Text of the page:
The popularization of the term greenwashing has helped set light to the problem, but the issue of deceiving sustainable and green marketing is far from over.

There was a time not long ago when the word greenwashing seemed to be on everybody’s radar, creating a widely spreaded social awareness on the matter. Many companies had to reconsider their messages and communication strategy to avoid false claims and subsequent reputation losses. 

The popularization of the term helped set light to a problem that’s been around us for longer than most of us can probably recall, but the issue of deceiving sustainable and green marketing is far from over. Even as we begin to consciously and knowingly point out those organizations trying to portray an image of something they are not, greenwashing keeps on happening. 

But let’s start from the beginning and understand what the term greenwashing implies in order to comprehend why transparency is the only way out of these misleading practices. 

What is greenwashing?

The term greenwashing appeared for the first time back in the 1980s and it describes the practice of companies making exaggerated claims about the sustainability and eco-friendly-ness of their products or services in an attempt to gain market share. As sustainability awareness and demand grew among society, so did such dubious corporate allegations in an effort to manage the public perception of their brands. 

The lack of regulation, standards and parameters made the greenwashing language a tool for legitimacy, even with the complete absence of public or third party supervision and verification. But as these marketing practices began to grow the public became more skeptical of so called green products as the solution to protect the environment and bring about social wellbeing. 

And so for a while greenwashing worked as the easy way out to the actual big and deep changes companies would have had to sustain if they truly wanted to become as sustainable as they were claiming to be. But the exploitation of the sustainable consumer demand soon turned against the companies themselves. The moment greenwashing is perceived consumers cease to trust the product, service and the company as a whole.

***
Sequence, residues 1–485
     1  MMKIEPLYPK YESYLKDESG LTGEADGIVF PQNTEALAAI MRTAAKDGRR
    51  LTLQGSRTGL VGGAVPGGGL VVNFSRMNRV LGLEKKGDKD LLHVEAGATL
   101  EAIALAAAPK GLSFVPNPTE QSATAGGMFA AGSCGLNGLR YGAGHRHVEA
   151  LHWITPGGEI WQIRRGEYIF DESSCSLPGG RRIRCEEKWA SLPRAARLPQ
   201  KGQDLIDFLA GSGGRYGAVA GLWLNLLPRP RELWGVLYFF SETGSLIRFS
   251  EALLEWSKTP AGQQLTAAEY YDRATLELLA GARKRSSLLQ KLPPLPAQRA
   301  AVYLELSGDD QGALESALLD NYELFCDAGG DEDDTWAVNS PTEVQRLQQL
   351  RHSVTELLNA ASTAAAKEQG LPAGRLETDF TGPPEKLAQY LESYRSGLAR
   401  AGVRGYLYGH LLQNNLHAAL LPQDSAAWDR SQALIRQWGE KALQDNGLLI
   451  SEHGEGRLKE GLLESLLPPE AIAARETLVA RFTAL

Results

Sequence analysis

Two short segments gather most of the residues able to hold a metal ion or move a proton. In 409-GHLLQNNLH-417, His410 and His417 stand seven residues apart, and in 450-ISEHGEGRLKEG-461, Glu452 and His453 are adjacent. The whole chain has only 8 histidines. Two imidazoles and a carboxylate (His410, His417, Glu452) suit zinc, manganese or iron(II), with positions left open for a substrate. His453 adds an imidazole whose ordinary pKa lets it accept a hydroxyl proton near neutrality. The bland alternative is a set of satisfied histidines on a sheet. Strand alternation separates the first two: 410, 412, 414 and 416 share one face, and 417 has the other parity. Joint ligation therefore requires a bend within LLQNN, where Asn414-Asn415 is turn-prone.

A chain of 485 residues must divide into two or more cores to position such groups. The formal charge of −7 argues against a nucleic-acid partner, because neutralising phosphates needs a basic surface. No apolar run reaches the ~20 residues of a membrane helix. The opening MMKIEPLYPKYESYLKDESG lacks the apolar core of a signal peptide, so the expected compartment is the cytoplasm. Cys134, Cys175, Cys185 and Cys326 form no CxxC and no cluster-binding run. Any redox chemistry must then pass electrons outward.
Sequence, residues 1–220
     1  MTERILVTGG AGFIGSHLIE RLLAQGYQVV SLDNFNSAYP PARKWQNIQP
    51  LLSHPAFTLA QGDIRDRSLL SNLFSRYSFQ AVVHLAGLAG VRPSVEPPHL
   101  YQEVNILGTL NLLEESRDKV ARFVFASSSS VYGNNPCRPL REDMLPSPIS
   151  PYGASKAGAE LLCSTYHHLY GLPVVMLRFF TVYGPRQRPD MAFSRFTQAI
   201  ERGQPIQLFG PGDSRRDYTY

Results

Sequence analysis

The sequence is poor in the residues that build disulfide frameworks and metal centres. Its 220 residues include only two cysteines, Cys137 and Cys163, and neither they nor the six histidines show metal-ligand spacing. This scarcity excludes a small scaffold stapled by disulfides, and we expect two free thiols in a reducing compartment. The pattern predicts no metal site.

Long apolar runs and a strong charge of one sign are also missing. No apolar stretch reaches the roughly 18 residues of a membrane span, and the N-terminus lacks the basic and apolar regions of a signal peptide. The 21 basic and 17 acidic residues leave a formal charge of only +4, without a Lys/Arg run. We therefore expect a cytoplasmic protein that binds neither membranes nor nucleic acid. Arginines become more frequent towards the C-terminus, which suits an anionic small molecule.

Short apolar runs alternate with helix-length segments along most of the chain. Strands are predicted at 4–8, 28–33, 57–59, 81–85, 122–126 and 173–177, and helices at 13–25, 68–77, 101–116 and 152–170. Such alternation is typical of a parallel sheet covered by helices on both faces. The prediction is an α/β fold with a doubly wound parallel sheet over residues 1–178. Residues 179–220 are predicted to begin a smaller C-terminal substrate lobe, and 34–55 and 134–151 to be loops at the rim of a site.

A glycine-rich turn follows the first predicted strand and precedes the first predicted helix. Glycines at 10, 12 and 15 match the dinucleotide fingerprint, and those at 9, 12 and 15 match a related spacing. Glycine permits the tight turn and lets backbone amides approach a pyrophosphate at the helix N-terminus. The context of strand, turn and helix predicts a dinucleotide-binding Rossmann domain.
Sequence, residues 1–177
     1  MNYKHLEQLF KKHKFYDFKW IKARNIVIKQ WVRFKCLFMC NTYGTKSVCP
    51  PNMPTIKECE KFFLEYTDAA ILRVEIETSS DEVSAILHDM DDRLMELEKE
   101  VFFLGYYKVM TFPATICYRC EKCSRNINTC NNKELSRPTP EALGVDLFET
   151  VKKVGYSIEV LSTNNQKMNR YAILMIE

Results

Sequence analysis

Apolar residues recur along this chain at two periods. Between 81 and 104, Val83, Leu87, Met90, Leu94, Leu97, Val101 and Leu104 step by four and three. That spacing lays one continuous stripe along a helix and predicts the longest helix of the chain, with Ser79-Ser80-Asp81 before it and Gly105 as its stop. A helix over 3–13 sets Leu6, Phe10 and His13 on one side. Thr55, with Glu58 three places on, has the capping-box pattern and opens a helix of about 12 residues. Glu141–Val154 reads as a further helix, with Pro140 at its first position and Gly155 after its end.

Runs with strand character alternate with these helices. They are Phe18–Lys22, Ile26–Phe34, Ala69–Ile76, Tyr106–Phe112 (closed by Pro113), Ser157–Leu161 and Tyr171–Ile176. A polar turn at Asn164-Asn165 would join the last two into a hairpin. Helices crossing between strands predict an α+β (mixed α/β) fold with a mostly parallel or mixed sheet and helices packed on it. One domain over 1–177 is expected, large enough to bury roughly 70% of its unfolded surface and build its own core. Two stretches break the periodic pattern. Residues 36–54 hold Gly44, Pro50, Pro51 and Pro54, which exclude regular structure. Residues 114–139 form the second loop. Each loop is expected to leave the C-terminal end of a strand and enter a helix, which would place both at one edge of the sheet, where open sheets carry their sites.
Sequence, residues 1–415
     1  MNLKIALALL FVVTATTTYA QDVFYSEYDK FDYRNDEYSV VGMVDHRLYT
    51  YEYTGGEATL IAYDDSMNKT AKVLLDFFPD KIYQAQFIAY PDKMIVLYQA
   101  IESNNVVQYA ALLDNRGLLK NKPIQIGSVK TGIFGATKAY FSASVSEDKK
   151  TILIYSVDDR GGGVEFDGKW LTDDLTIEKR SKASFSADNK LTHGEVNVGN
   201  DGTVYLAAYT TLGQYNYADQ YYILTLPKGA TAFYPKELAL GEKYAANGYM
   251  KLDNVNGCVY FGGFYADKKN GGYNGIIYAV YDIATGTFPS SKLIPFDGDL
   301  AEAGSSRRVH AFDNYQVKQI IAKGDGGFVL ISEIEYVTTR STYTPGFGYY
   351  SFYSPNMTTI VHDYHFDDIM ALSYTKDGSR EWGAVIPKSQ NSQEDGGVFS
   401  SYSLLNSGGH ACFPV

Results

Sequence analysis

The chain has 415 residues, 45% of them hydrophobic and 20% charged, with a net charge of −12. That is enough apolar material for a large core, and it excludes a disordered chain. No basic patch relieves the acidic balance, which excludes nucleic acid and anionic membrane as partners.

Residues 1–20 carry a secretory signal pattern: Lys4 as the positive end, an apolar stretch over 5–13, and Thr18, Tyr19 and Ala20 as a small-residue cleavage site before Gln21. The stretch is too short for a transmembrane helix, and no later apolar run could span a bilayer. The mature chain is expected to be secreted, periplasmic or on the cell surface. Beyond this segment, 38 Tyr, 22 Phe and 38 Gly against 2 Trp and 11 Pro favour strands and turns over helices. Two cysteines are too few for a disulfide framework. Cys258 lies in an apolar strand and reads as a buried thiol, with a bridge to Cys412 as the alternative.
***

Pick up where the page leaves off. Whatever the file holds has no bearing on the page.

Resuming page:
The tipping point

As mentioned above, there has come a time when increased greenwashing practices coincided with a growing public awareness and demand for sustainable and responsible products and services. What once was understood as trying to adapt to consumer perceptions has now become a shared concern among consumers and stakeholders for the protection of the environment

Companies are now more aware than ever of the importance of actually investing in sustainability, making greenwashing a sometimes ‘’unintentional’’ practice, although not less harmful than that which is done on purpose. Even on an involuntary basis, greenwashing overshadows genuine environmental responsibility and creates confusion for the public, as well as being held to great scrutiny.   

It is in this context that some companies choose to go quiet in order to avoid possible greenwashing they are not even aware of, which has come to be known as ‘’green hush’’. This is, however, not an ideal solution. Not communicating a company’s work towards sustainability can prevent innovation, a healthy competition that pushes other companies to adopt greener practices. Transparency is in fact the best tool to avoid greenwashing practices, even unintentional ones.